All About the Money (A Jesse Watson Mystery Series Book 7) (28 page)

BOOK: All About the Money (A Jesse Watson Mystery Series Book 7)
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There was nothing around for as far as the eyes could see and
there were no other cars on the road. This time he could punish her out in the
open without having to worry about anyone seeing him do it. He felt elated as
he dragged her into the wooded area and began slapping her. His momentum built
with each strike. When she fell to the ground, he kicked her square in the
face. Blood gushed from her nose and mouth. She lay in a heap, defeated.

Roger stood there and laughed at her, his eyes filled with
rage. He bent down and drew back his hand again.

Denise raised her arm to protect herself from his next blow
as she lay in the wet, foul smelling grass.

This area of woods had been a place used by travelers who
needed to make a pit stop to relieve themselves. Access to a bathroom was
another fifteen miles up the road, so this turned out to be a good place to
stop for those who couldn’t hold it any longer. Littered with used toilet
paper, garbage, and plenty of discarded condoms, the air reeked of decomposing
matter. The smell was worse than a landfill on a hot, humid summer day.

Denise spied a broken bottle lying next to her. For just a
split second, she hesitated, going over in her mind the consequences of her
actions if she were to defend herself with the dangerous weapon. What would she
do if she cut him badly? She didn’t want to hurt Roger, but she had to make him
stop.

She knew that women were abused every day and many of them
wind up being killed by their husbands. It happened all the time. She’d heard
so many horror stories. But she never really believed it would happen to her…
until now. For so long, she told herself that her husband just had a bad
temper. He didn’t mean anything by it. Those days and those thoughts were now a
thing of the past.

She grabbed the bottle and struck him as he bent over her,
preparing for his next assault. Blood spurted from his neck as he fell to his
knees. He grabbed his throat, fell over and lay in the grass, gasping for air.

“Help me,” his gurgling voice tried to say.

Denise sat on the ground, looking around, appalled at what
she had done. She couldn’t move. The sight of him in that condition sickened
her to no end—the blood, the mass of tissue flapping around the gaping wound to
his throat.

Roger’s breathing stopped and his eyes became fixed. He was
dead.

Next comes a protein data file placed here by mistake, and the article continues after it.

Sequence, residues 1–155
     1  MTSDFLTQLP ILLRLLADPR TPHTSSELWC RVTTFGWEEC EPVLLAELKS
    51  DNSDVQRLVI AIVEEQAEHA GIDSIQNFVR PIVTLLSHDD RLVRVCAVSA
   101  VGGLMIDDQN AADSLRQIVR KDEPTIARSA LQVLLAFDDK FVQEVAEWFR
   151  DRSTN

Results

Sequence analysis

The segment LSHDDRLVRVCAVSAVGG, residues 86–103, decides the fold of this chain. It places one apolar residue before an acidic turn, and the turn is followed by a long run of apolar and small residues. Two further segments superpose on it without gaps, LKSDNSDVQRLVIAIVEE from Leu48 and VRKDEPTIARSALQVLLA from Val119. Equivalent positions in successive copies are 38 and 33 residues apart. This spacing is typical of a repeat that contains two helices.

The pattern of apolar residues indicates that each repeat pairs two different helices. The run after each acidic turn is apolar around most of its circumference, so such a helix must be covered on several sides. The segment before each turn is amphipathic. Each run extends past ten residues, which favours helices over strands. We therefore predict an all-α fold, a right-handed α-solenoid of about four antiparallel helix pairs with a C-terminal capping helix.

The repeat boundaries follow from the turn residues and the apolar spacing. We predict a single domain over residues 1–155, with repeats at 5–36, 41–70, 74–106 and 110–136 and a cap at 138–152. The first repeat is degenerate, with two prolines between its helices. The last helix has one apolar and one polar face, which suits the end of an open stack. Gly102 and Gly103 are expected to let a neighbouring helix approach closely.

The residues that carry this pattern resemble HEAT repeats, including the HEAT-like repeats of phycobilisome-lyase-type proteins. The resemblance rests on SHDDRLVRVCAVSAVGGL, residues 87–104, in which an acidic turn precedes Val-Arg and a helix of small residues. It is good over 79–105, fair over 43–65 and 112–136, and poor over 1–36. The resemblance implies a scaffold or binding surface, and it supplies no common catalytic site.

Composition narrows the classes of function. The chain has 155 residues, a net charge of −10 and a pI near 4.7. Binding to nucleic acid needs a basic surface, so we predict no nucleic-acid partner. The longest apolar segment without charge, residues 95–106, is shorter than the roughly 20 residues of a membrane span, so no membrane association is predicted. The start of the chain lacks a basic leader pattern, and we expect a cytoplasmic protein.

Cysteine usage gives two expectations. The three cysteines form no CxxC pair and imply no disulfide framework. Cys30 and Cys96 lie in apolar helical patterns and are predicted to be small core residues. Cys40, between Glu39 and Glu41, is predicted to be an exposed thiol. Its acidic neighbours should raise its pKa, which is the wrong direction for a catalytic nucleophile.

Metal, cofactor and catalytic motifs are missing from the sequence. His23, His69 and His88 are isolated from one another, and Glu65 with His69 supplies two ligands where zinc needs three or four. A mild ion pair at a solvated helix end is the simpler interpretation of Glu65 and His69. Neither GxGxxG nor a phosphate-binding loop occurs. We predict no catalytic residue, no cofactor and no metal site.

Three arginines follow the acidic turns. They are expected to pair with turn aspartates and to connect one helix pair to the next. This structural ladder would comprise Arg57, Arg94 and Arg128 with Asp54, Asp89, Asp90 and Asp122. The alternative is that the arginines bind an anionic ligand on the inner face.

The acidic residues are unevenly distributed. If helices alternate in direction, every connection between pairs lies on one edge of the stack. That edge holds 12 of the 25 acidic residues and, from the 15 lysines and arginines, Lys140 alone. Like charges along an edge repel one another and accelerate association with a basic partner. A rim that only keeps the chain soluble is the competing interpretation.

Denise panicked. What was she to do? She would surely go to
prison for her actions. It wasn’t her fault. He made her do it—that’s what she
would tell the police. Then she thought about that statement.

“That’s exactly the same thing a man would say when he beat
his wife,” she said out loud, talking to no one.

She knew her explanation of the event wouldn’t wash. No one
would believe her. There was no history of violence in their marriage. There
was no proof. They’d say she wanted him dead, lured him out to a deserted area,
and killed him. This was like a bad movie.

No more, she told herself. Denise dragged herself up,
straightened her clothes, and even though her knees were wobbly, she managed to
get back to the car without collapsing. She still had the broken bottle in her
hand. Fortunately, her cell phone had reception, however scratchy it was. She
punched in 911 and waited for the call to go through. When someone answered on
the other end, she told the dispatcher they were on their way to Nag’s Head
when they were attacked by the hitchhiker her husband had picked up earlier.

“Please hurry!” she cried into the cell phone. “I ran into
the woods, but I can’t hide forever. He’s going to find me. He’s going to kill
me just like he did my husband!”

When the police arrived on the scene they discovered Roger’s
lifeless body lying in a pool of blood with the rest of the trash. The wife was
missing and their car was nowhere in sight. Three days later, Robert and Denise
Sutton’s car turned up in a Wal-Mart parking lot, two hundred miles from the
scene of the crime.

The blood on the passenger’s side of the car had later been
determined to be that of the wife of the dead man—but her body still hadn’t
been found.

Had the hitchhiker abducted the woman, killed her and then
dumped the body somewhere else?

Denise Sutton disappeared forever on that fateful day. A week
later, Bernice quietly moved out of her apartment, leaving no forwarding
address. Neither one of the sisters has been seen or heard from since.

I know this story to be true, and I know where they are, but
I’m not telling anyone. Because you see, I’m Bernice.

Go with the flow
.
He can’t hurt anyone… anymore.

Acknowledgments

I would like to thank Greene County
Sheriff Scott Haas for his time. He answered my endless questions like he runs
our county—prompt, courteous, and to the point. I’m glad we have him as our
sheriff. Don’t get me wrong folks. He can be just as tough on criminals as the
characters in my book.

Tremendous thanks to Photographer Elaine Barnett and
Tim Tepper. Love to Tom, Tommy, Wendy and Jake, and as always, my wonderful
mother… Minnie Crumpler, and also the rest of my family—two-legged or
four-legged. This one’s for my readers. Thank you for your continued readership
and support.

Look for my next book:

The Prey Bites Back

A Jesse Watson Mystery

Book #8

Due out before Christmas 2012

BOOK: All About the Money (A Jesse Watson Mystery Series Book 7)
4.28Mb size Format: txt, pdf, ePub
ads

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